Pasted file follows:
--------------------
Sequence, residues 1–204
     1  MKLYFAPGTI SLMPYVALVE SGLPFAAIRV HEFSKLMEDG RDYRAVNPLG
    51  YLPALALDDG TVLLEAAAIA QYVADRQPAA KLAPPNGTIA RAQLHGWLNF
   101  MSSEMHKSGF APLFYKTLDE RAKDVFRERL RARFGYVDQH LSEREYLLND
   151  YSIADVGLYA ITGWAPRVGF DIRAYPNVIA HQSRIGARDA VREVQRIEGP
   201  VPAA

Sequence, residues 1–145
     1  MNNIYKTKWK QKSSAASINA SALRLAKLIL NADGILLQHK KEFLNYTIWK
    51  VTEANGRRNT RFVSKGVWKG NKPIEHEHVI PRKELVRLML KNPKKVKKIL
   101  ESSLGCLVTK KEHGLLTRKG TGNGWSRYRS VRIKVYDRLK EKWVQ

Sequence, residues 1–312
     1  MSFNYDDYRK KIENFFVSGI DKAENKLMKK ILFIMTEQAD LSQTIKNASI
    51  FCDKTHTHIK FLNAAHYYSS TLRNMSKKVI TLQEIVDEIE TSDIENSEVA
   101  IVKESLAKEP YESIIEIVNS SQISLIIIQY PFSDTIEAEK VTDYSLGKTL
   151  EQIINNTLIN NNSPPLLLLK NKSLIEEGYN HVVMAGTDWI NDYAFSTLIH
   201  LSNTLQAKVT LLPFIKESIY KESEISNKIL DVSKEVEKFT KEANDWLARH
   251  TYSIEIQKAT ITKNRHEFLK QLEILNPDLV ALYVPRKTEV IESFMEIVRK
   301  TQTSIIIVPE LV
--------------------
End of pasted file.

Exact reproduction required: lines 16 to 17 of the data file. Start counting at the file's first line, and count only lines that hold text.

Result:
   201  LSNTLQAKVT LLPFIKESIY KESEISNKIL DVSKEVEKFT KEANDWLARH
   251  TYSIEIQKAT ITKNRHEFLK QLEILNPDLV ALYVPRKTEV IESFMEIVRK